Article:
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Jean Piaget – The Three Mountains

Claudia Hammond revisits Jean Piaget's Swiss Mountain experiment to ask whether the conclusions concerning young children's essential egocentrism are accurate.

We have to thank the Swiss developmental psychologist, Jean Piaget for 'learning by play' applied to the classroom - a personal discovery which he believed to be far more effective than sitting in rows learning by rote. His idea was that children don't just store facts, they process them. As they interact with things around them every day they build a model of the world in their minds, so in the classroom they need the chance to experiment.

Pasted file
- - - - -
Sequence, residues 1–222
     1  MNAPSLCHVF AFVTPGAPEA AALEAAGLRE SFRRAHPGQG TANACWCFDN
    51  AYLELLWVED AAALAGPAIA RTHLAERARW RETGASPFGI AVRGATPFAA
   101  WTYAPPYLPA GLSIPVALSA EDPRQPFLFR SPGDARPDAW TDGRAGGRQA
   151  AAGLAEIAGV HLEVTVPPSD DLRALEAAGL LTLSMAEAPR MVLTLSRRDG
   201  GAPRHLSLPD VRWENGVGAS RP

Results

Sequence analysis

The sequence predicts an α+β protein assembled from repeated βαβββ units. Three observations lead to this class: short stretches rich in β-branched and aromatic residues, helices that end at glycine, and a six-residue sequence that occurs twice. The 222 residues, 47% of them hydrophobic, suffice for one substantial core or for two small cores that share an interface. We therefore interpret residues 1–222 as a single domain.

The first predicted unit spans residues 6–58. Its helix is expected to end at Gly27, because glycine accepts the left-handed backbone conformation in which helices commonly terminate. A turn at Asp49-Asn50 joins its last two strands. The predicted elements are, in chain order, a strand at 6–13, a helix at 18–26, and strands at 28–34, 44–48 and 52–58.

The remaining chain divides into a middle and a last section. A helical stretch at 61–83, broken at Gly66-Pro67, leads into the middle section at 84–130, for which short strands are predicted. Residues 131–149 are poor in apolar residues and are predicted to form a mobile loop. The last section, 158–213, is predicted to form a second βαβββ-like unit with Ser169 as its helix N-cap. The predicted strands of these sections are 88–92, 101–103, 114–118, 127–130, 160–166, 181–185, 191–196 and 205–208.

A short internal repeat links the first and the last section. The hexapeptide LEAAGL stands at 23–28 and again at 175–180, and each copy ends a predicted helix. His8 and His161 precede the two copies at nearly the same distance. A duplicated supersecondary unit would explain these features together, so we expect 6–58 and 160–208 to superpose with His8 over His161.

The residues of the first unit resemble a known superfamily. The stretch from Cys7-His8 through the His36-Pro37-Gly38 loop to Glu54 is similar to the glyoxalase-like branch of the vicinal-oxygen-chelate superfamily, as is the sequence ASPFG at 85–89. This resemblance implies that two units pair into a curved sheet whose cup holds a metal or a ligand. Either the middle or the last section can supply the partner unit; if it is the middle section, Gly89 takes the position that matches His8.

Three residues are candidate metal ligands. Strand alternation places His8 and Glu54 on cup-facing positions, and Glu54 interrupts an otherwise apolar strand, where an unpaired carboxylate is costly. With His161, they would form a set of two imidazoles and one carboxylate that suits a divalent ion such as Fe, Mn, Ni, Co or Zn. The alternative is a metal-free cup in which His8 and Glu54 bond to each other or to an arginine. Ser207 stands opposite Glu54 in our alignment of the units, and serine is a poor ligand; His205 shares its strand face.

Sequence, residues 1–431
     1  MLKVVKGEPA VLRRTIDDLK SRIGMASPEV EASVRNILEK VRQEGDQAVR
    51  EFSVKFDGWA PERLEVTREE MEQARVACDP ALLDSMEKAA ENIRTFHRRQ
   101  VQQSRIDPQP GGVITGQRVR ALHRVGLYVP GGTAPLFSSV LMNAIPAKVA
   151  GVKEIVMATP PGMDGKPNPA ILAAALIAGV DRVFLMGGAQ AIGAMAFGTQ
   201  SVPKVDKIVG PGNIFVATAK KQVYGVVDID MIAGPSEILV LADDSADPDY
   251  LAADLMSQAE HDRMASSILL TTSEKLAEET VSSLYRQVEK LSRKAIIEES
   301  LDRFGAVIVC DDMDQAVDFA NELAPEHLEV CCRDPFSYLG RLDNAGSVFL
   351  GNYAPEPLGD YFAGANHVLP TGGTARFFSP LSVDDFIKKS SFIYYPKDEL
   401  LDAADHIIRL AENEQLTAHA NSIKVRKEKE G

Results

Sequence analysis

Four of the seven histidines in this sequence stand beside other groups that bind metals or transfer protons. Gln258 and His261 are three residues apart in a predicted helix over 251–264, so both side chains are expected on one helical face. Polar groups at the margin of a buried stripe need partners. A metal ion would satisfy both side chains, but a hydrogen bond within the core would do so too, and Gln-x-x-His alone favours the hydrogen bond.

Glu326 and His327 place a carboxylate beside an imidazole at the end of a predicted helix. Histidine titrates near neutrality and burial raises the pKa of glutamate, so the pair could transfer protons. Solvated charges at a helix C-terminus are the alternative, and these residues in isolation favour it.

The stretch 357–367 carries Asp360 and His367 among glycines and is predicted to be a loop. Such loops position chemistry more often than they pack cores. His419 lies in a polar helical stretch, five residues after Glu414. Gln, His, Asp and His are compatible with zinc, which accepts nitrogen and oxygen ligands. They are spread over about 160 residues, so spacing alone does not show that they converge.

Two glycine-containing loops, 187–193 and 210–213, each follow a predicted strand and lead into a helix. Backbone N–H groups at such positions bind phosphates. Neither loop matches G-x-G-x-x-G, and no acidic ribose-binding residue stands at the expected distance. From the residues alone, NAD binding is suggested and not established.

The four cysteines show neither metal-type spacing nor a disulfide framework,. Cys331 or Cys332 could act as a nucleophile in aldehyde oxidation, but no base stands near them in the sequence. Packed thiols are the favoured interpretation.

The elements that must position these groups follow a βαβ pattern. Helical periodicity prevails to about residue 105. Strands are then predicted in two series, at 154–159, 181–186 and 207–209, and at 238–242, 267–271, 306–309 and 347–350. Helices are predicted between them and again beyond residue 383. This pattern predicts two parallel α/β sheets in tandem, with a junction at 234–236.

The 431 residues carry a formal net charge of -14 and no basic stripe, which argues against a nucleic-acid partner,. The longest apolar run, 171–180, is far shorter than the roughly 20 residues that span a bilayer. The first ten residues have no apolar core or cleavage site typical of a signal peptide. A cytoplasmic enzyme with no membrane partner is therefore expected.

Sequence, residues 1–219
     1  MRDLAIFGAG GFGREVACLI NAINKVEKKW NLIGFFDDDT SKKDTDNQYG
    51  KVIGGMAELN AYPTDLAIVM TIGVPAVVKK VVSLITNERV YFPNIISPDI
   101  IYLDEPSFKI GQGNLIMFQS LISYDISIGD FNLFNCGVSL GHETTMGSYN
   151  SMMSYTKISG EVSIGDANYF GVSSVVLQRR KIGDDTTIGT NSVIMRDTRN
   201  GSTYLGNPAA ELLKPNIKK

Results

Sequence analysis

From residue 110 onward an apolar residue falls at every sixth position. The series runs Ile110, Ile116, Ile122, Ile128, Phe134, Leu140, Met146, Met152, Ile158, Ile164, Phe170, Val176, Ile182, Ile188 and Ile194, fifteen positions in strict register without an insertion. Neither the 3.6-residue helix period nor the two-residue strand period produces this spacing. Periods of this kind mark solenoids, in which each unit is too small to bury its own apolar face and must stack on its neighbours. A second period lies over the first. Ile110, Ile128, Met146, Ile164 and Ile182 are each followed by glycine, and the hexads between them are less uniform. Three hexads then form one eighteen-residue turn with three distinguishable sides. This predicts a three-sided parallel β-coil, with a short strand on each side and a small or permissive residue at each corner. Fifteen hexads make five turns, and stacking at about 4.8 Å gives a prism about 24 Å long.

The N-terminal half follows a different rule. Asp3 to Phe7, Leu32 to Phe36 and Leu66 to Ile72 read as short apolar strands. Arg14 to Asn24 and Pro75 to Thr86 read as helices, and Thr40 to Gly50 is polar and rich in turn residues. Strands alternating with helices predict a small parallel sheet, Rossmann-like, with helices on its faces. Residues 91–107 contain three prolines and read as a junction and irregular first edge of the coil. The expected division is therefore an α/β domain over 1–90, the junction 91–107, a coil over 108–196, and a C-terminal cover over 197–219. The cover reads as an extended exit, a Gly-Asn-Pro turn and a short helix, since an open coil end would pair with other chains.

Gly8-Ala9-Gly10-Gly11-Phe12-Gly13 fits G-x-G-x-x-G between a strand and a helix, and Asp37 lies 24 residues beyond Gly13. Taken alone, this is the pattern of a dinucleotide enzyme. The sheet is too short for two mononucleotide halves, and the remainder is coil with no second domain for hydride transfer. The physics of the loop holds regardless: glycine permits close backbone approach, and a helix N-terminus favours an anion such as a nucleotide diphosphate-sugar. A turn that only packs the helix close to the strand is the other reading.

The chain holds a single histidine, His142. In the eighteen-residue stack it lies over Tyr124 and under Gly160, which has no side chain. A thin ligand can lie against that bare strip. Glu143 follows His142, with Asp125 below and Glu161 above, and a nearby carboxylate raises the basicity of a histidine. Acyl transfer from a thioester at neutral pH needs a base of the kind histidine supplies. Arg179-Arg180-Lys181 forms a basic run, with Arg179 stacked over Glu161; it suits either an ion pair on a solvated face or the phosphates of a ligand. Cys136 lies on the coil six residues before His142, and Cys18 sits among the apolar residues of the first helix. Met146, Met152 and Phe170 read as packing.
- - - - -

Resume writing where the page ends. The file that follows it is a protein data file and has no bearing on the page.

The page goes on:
There's no disputing the importance of Piaget's educational legacy, but critics have questioned the methodology of much of his experimental work and have concluded that some of his experiments were basically flawed. One such is the Three Mountains - from this experiment Piaget concluded that, because young children could not imagine what someone on the other side of the mountain model from the side they were standing could see, they were incapable of empathy. Subsequent experiments allowing children to imagine different social, rather than spatial, situations have had very different results. Claudia Hammond asks how far we should rely on Piaget's findings today.

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28 minutes


  • Tue 16 Dec 2003 11:00